Abstract Pattern

UM retrospective aims to capture the imaginative and determined career path of artist Joseph Holston

October 22, 2003|By Glenn McNatt | Glenn McNatt,SUN ART CRITIC

As a youngster growing up in Chevy Chase and Bethesda, painter Joseph Holston taught himself about art by looking at the sky.

"Back then, as far as inspiration goes, you didn't get much in school," Holston recalls. "So I used to look at cloud formations, where I'd see bodies, shapes, all sorts of things. I used to look at the tops of the trees and see figures there and imagine things like an orchestra playing."

From that active childhood imagination sprang a 40-year career as an artist, a career that will be celebrated Sunday when the University of Maryland University College presents an exhibition of some 50 of Holston's most recent paintings and etchings at its Inn and Conference Center gallery in Adelphi.

The UMUC campus houses the largest collection of Maryland and regional artists in the state, and Holston, at 59 still a lean and remarkably fit-looking man, is one of Maryland's most accomplished and prolific painters.

His colorful canvases, watercolors and etchings are filled with vibrant, expressive forms that recall the scenes of his youth, his trips abroad and the members of his family, as well as the flights of fantasy that have inspired his art since childhood.

Holston attributes much of his success to the influence of his mother.

"She was a book-learner," he said in a recent interview. "When I was around 5, she started taking a correspondence course in art. I would copy the lessons she got in the mail; that's how I got started drawing. All the other kids would be busy playing outside and I would be inside copying her work."

Holston's mother was a teacher in a Chevy Chase nursery school who eventually opened her own school in the family's home. His father was a delivery man for a Chevy Chase grocery store. Both parents had come to the Washington area from Tennessee in the 1930s.

"I grew up on Hawkins Lane in Chevy Chase," Holston said. "It was really a black country community within the white suburbs then. I remember it as a very sheltered, protected place."

Holston attended Bethesda-Chevy Chase High School, which had been integrated in 1957, during his sophomore year. But then his family moved to Washington, where he enrolled at McKinley Technical High School. He wanted to study commercial art, but the program at McKinley wasn't very good, he said. A friend told him about the program at Chamberlain Vocational High School, a little bit farther away, and Holston ran home to get permission from his mother to enroll there.

"She said, `Look, you're going to have to get a job and work when you graduate, so there's no point studying art,' " he recalled.

Despite her words, Holston couldn't get Chamberlain out of his thoughts.

"I got on the bus to McKinley the first day of school the next year and when I reached my stop I just couldn't get off," he said. "I stayed on that bus until it rode all the way to Chamberlain. Then I got off and went in and told the registrar I wanted to attend that school. They gave me a test, which I passed, and he said, `Normally we don't admit students like this, but you can come here if you want.' "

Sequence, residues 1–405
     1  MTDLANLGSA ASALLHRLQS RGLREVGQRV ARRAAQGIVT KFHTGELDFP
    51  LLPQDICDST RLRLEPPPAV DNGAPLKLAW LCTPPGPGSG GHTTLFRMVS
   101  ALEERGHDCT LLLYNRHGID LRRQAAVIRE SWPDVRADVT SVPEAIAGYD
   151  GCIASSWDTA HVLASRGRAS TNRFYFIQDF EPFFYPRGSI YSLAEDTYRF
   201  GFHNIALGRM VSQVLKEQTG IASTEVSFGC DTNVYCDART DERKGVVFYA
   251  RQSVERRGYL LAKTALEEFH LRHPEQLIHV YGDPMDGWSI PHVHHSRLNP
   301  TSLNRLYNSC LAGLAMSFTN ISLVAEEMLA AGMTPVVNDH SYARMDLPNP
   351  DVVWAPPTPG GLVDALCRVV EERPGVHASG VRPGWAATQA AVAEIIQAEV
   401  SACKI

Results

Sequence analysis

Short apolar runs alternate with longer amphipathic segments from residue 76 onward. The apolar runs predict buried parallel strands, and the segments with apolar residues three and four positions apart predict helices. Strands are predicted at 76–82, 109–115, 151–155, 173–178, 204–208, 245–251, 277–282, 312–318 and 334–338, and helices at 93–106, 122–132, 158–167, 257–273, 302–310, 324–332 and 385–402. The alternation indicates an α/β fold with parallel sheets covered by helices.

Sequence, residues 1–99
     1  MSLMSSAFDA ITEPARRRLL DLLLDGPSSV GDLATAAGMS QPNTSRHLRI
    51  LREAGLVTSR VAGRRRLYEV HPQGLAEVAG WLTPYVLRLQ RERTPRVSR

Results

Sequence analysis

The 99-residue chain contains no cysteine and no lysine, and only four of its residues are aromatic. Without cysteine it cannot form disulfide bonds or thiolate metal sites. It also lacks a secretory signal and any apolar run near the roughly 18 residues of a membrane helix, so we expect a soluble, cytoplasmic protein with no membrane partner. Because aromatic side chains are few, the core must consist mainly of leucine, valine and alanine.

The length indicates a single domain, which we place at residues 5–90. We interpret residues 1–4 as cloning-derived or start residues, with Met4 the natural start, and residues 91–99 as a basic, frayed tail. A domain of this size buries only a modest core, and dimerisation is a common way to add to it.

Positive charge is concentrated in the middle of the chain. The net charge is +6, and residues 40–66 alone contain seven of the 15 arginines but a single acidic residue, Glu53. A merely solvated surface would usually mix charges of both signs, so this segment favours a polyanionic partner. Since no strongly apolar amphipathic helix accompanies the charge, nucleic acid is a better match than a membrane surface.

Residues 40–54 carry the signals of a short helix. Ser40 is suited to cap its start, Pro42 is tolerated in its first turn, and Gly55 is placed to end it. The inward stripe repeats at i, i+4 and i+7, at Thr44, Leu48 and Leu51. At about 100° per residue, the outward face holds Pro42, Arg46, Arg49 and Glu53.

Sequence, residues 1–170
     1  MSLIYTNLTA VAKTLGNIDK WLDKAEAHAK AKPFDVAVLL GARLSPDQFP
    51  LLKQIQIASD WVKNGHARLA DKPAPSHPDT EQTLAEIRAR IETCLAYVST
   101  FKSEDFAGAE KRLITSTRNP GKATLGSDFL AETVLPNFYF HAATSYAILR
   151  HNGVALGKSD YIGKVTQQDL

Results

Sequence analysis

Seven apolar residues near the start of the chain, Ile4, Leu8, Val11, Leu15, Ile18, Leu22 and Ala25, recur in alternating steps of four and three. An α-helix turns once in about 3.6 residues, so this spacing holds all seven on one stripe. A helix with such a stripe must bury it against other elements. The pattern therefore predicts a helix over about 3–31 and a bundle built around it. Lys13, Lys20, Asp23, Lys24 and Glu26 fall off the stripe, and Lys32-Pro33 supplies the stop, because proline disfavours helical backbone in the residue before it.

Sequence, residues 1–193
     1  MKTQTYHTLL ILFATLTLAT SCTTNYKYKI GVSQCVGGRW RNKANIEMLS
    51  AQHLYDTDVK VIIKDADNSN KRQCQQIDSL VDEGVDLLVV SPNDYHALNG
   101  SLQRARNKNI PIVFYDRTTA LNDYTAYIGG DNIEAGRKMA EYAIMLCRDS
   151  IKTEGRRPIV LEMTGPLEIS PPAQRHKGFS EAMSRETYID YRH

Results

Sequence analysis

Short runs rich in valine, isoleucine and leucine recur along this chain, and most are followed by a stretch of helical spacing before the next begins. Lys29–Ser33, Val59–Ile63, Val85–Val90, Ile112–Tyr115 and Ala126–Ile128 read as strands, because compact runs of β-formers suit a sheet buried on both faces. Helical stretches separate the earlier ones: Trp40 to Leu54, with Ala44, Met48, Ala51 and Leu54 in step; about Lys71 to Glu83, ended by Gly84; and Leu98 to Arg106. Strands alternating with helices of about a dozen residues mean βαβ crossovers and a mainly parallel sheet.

Holston was elated, but he dreaded having to tell his mother he had disobeyed her instructions.

"So I went home that afternoon, and she said, `How was school?' " Holston recalled. "And I said, `Mom, I can't lie. I didn't go to McKinley, I went to Chamberlain and they let me in.' I was expecting her to be real mad. But she just looked at me and said, `Oh, that's great.' "

Holston completed his education as a commercial artist at Chamberlain, where he got a solid foundation in basic techniques and materials.

"It was quite an experience," he said. "It's where I got all my skills. After I graduated I worked as a layout artist at Sears & Roebuck for the next eight years. I had always wanted a job where I could wear a suit to work; I didn't see too many African-American men doing that then. So I worked in a small graphics shop and learned the business."

But by the 1970s, Holston was becoming impatient with commercial art. He wanted to do something in the fine arts but knew he needed more training. Around that time, he saw an ad in a magazine for a workshop in Santa Fe, N.M., taught by portrait artist Richard Goetz. He sent away for more information and eventually saved up enough money to afford three weeks of study at Goetz's school.

"That really opened the floodgates of my fine-arts career," Holston said. "I was one of about 25 students in his class. Every day, we'd go outside and paint sunrises and sunsets. That was my first time ever painting in oils."

Though Goetz was a successful portraitist as well as teacher, he persuaded Holston not to go into portraiture. Instead, he advised the young artist to broaden his knowledge of the whole fine-arts tradition and find his own creative path.

On his return from New Mexico, Holston began seriously exploring the entire canon of Western painting for the first time.

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